The Concord City Council expressed strong support April 2 for crafting an ordinance that would permit a marijuana delivery business to set up shop within city limits, but was less enthusiastic about the possibility of a dispensary selling cannabis for recreational use.
During a lengthy study session, in which city staff asked for direction on what kind of businesses to allow and other specifics, the council expressed unanimous support for permitting delivery businesses and testing laboratories.
Two such businesses, Fume Highroad in Lake County and Ohana Gardens in Sacramento, are already permitted to make deliveries in Concord. However, because they are not located in the city, the tax revenue generated by those sales goes elsewhere.
There was also strong support for medicinal dispensaries, which would only sell cannabis products to patients with a valid doctor’s recommendation, despite public comment from entrepreneurs who said that business model was not necessarily viable.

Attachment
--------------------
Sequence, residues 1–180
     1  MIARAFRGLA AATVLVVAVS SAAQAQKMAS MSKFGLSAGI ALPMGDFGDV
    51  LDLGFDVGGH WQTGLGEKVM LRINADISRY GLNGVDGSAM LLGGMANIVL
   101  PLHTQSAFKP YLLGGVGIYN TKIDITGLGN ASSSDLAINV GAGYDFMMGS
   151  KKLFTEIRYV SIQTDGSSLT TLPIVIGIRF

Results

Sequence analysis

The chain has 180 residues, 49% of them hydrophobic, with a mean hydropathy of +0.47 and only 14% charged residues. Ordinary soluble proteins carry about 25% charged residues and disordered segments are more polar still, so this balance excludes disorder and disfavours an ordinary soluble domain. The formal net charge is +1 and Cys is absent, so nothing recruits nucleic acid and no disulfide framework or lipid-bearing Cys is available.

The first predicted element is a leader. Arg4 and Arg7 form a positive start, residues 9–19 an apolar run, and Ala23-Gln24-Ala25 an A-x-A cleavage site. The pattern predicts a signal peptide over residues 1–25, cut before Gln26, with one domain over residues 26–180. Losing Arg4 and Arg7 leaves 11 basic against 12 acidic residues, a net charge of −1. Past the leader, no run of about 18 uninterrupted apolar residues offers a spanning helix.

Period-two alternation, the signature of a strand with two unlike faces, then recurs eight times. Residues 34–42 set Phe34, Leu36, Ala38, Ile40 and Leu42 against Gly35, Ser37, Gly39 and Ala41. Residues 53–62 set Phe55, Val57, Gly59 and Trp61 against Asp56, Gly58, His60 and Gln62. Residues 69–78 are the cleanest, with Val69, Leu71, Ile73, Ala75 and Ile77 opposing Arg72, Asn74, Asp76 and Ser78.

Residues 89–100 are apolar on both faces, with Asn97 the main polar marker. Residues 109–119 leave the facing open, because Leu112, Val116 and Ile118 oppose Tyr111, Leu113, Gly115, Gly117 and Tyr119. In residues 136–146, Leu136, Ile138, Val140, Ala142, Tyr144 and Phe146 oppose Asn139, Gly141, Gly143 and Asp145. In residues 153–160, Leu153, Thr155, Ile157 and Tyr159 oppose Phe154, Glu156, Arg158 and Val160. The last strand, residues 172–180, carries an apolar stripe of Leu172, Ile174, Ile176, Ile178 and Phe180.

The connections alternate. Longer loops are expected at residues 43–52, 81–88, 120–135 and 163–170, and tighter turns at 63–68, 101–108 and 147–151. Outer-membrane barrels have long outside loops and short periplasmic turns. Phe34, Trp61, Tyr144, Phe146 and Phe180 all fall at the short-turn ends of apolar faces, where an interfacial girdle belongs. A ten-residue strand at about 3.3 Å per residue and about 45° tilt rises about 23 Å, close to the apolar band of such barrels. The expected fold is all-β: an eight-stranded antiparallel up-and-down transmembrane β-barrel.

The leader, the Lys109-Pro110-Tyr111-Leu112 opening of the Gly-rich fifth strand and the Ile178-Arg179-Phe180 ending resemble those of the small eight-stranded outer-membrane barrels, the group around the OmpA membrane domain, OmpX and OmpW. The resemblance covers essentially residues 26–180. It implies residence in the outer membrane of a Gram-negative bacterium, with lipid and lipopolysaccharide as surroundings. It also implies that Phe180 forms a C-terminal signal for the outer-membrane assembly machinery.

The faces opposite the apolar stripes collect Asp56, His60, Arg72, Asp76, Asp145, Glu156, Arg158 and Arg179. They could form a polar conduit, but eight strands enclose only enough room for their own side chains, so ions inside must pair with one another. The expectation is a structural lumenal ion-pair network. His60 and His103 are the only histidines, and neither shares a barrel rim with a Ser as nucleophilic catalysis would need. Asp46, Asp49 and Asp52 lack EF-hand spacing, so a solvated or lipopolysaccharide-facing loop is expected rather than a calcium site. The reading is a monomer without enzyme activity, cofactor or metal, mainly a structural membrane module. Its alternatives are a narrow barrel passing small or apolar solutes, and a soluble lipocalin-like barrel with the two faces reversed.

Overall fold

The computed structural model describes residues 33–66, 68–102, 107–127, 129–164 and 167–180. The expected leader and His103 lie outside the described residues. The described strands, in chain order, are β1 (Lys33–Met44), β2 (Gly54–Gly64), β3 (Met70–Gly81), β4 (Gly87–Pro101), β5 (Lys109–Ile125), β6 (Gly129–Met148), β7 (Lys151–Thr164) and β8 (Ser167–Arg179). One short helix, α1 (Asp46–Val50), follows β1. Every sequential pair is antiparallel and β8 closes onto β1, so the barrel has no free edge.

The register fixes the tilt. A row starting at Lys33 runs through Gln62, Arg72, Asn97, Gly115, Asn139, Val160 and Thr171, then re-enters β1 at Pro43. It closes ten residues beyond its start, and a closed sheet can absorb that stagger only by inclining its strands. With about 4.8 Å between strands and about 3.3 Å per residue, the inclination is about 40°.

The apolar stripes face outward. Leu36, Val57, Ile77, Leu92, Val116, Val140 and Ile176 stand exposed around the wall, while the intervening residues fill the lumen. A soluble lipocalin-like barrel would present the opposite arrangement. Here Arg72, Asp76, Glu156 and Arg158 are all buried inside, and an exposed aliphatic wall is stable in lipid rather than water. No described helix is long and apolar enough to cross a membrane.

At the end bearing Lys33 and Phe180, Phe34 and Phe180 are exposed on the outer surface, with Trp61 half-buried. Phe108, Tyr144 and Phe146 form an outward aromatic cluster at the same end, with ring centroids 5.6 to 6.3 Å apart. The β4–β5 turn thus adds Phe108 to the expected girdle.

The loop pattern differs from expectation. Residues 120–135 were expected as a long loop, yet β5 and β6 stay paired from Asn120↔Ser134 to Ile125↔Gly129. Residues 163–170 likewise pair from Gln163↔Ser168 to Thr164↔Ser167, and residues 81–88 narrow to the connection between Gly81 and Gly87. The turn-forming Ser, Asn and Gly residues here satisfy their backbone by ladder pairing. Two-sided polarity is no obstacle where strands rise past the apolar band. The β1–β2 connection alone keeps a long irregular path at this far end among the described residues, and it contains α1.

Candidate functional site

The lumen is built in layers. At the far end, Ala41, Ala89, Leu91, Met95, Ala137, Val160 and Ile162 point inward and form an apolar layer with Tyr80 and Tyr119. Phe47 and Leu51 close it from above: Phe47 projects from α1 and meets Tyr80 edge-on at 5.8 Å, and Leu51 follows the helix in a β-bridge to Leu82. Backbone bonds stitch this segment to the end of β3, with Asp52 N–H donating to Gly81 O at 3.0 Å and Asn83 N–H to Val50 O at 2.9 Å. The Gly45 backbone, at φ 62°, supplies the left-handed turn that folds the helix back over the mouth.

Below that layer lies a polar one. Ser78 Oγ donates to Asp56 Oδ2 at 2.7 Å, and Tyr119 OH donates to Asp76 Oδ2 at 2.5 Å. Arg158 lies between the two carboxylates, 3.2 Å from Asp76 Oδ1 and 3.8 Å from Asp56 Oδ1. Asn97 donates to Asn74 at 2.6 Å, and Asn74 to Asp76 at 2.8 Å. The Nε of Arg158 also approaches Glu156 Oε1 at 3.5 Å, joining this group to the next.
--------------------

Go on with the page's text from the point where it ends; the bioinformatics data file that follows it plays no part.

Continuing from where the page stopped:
Councilwoman Laura Hoffmeister and Mayor Carlyn Obringer stopped short of endorsing “adult use” marijuana sold for recreational purposes.
“I’m not convinced that retail sales for adult use is appropriate for our community,” Hoffmeister said.
Councilman Dominic Aliano indicated he would support adult-use dispensaries, but not on Monument Boulevard in his district. Councilman Edi Birsan also said he would support adult-use dispensaries.
“To make it simple, I’m all in,” Birsan said.
“On everything?” Obringer asked.
“Yes,” he replied.
Vice Mayor Tim McGallian also proposed the possibility of permitting retail storefronts, so long as they did not sell vaping products or smokeable cannabis flowers, citing city policies on the sale of similar tobacco products.
During public comment, one woman asked if the council members had ever visited a dispensary and four out of five of them answered in the affirmative by a show of hands.
A commercial cannabis ordinance has not yet been drafted, and the mayor pointed out that matters of policy were not being set in stone during the April 2 study session. City officials plan to hold at least one town hall meeting and multiple community workshops on the matter later this year.
Story originally published by Bay City News.